Here's The 2017 Porsche 911 Turbo Coupe and Cabriolet - Wait, Aren't They All Turbos Now?

Proving that all turbo Porsches aren’t created equal, Porsche announced Tuesday its eye-wateringly expensive 911 Turbo and 911 Turbo S hardtop and droptop versions that make up to 580 horsepower and dropkick the car from 0-60 mph in under 3 seconds.

In the trunk is Porsche’s 3.8-liter flat-six married to twin turbochargers that spin up 540 horsepower in the Turbo and 580 hp in the Turbo S (20 more than the outgoing models). The Turbo produces 523 pound-feet of twist (553 pound-feet on overboost in the Turbo S) on the way up to its 7,000 rpm redline (7,200 in the Turbo S). Porsche didn’t directly specify its gearbox, but it’s a pretty safe bet that the new 911 Turbo will only come with a 7-speed dual-clutch automatic because of course it will.

Both cars for the first time feature a quasi-antilag turbo system that reduces delay from the turbos by interrupting the fuel injection during changes in throttle position, according to the automaker.

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What We Missed in the News, Post-LA Auto Show Edition

While we were hanging outside the Staples Center begging passersby for photos, information and leftover shrimp from the Los Angeles Auto Show to share with you all (well, maybe not the shrimp), there was still news happening that we didn’t get the chance to cover.

So, here it is in condensed form.

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Chevrolet Impalas Going Quickly in South Korea

Buyers in South Korea have flocked to order the Chevrolet Impala by requesting more than 3,000 of the full-size sedans, which is two to three times higher than expected, BusinessKorea is reporting.

The higher-than-expected draw in South Korea is part of a larger trend; according to the BBC, just around 6,000 cars were imported in 2000. In 2014, more than 196,000 cars were imported into the country, although many of those were European luxury models.

GM Korea forecasted 4,000 to 5,000 Impala models would be sold by the end of 2015, but Korean buyers are ordering 200 cars per day, which would exhaust their supply within one month.

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Hantz Woodlands - A Tree Grows (Actually It's More Like 20,000) In Detroit

This story isn’t about cars, it’s about Detroit. One of the nice things about writing for this site is the freedom we have to explore topics not specifically about automobiles.

Of course, the simple truth is anything significant that affects the city of Detroit will, sooner or later, have an impact on the auto industry. Over on the east side, not that far from the infamous ruins of the Packard plant, the city is literally being regrown from the roots up.

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Chart Of The Day: America's 15 Best-Selling American Vehicles In The First Half Of 2015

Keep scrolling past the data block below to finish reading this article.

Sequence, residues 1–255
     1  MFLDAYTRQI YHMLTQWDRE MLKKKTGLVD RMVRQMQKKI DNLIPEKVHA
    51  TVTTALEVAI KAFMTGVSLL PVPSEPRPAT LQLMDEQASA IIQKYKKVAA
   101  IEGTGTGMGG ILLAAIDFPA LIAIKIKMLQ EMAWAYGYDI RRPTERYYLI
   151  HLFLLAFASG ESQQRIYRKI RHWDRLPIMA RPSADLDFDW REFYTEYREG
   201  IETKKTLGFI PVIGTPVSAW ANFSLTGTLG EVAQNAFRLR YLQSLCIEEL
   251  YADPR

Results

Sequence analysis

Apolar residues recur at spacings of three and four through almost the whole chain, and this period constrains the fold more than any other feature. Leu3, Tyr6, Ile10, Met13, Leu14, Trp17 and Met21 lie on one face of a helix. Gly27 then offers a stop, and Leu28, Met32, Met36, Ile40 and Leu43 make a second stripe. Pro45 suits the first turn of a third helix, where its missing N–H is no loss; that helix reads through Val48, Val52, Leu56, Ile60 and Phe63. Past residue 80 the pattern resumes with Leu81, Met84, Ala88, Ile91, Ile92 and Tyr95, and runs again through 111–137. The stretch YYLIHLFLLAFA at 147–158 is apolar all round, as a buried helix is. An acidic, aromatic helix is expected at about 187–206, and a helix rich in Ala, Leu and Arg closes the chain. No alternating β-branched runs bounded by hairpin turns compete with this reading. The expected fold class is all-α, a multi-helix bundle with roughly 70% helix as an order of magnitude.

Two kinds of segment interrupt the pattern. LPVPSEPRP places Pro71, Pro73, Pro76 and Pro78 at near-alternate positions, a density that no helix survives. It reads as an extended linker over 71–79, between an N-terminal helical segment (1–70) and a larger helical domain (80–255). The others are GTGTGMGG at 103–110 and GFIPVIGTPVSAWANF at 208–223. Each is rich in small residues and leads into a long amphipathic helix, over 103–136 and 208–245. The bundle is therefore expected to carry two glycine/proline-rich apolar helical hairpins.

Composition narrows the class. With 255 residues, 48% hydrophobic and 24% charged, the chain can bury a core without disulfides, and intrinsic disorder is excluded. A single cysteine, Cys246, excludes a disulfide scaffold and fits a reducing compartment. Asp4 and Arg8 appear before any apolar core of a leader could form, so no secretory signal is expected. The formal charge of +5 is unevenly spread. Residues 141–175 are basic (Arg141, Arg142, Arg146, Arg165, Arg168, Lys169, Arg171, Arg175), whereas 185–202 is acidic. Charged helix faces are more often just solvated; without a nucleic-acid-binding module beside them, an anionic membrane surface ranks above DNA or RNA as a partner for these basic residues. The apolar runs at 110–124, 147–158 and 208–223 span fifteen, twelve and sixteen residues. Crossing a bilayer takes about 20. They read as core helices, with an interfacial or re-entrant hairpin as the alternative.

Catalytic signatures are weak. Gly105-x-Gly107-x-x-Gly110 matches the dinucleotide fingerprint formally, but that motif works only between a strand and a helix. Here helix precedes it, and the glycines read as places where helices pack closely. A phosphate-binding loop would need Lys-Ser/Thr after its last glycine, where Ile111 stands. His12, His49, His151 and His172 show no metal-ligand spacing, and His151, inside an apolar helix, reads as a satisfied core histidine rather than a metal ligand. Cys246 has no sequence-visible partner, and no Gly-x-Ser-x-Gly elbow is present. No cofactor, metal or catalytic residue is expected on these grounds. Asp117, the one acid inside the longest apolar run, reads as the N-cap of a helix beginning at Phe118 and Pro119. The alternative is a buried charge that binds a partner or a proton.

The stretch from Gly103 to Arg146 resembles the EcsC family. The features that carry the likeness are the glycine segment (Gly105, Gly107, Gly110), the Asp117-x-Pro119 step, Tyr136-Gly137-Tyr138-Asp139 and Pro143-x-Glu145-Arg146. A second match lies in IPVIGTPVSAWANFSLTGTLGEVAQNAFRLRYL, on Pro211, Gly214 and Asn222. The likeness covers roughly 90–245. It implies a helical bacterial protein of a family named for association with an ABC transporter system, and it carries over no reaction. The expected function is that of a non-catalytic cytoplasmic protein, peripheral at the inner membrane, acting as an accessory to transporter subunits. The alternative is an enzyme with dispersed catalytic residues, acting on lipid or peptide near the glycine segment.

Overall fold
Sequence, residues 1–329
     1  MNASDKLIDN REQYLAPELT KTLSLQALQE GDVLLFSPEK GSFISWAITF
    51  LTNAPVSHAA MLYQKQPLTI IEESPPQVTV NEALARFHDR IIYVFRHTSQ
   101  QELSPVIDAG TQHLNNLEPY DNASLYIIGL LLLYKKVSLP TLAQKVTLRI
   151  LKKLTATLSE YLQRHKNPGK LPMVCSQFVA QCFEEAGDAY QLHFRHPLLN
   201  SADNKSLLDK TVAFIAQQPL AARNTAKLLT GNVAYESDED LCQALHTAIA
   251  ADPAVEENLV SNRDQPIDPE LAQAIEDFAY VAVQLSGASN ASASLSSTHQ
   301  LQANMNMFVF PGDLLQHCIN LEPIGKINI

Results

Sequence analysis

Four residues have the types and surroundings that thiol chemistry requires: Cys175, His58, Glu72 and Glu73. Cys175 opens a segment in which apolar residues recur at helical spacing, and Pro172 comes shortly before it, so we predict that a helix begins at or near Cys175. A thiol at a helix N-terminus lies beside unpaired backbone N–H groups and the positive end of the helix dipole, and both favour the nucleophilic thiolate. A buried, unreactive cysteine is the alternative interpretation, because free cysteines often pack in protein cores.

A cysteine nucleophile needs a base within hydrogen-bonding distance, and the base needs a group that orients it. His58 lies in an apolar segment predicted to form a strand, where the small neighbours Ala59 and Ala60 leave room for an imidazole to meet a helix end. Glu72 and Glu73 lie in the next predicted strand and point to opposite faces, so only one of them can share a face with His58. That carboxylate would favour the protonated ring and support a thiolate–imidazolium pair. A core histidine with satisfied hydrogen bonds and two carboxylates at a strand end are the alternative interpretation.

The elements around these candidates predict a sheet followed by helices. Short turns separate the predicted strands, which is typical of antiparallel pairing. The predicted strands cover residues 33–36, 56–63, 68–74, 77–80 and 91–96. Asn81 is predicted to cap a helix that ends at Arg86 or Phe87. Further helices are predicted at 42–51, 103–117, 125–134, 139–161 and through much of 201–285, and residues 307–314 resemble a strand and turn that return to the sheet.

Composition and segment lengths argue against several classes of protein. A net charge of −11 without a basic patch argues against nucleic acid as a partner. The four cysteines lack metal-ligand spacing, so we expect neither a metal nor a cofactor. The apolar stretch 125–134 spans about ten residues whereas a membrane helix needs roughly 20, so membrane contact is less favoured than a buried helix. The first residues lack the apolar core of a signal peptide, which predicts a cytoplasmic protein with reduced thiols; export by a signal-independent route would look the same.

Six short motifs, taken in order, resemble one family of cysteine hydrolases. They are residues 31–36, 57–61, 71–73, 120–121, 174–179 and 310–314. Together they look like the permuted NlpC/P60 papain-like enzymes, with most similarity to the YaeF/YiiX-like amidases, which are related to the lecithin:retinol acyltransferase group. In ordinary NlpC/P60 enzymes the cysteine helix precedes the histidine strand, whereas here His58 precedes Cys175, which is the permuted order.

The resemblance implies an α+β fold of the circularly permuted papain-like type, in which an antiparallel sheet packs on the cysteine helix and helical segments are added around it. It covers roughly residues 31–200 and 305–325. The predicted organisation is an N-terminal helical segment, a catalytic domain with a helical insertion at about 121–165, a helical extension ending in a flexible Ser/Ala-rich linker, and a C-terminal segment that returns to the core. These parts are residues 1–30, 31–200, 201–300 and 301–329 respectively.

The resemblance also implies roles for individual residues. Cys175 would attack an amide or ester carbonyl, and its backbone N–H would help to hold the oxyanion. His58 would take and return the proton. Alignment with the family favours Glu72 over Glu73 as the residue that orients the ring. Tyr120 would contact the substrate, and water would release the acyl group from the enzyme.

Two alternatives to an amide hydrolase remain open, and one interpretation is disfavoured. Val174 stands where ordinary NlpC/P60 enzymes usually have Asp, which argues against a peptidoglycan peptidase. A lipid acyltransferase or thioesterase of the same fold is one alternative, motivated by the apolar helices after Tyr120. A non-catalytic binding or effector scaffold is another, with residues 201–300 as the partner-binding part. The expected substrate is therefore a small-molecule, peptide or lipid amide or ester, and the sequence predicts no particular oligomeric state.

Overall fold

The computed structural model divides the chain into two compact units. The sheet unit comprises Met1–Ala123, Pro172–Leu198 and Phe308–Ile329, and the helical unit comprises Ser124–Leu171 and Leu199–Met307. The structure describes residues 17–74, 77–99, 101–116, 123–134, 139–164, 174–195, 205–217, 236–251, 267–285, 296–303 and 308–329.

Remember when the U.S. auto industry was very much an American auto industry? No? I don’t, either.

But there was a time when an American car was an American car because it was made by an American car company in America.

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Mexico, Southeastern US Besting Canada, Detroit In Auto Manufacturing

Despite being unified on the trading front, Mexico and the Southeastern United States are besting Canada and Detroit in the automotive industry game.

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General Motors Announcing Entry Into Stationary Energy Storage Next Week

Forging a different path than rival Tesla, General Motors will announce its entry into the stationary energy storage market next Tuesday.

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Why Does the Packard Plant Have a Bridge Anyhow?

The Packard bridge today.

You may have seen the news that the developer who hopes to renovate the decrepit Packard plant site on Detroit’s east side has covered the factory’s signature bridge over East Grand Blvd in a scrim that reproduces the look of the bridge during the plant’s heyday in the 1930s. I’m sure that you’ve seen dozens of photos of one of Detroit’s more notorious landmarks, but have you ever wondered just why a car factory had a bridge?

That bridge was actually part of Packard’s assembly line.

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Packard Plant Pedestrian Bridge Wrapped In 1930s Glory For Next Year

In shambles with the rest of the property, the pedestrian bridge at the Packard Plant in Detroit is now wrapped in its 1930s glory for the next year.

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Autoleaks: 2016 Chevrolet Camaro Revealed Ahead Of Weekend Debut

Thanks to CNBC, the 2016 Chevrolet Camaro was revealed to the world ahead of its global debut Saturday at Belle Isle in Detroit.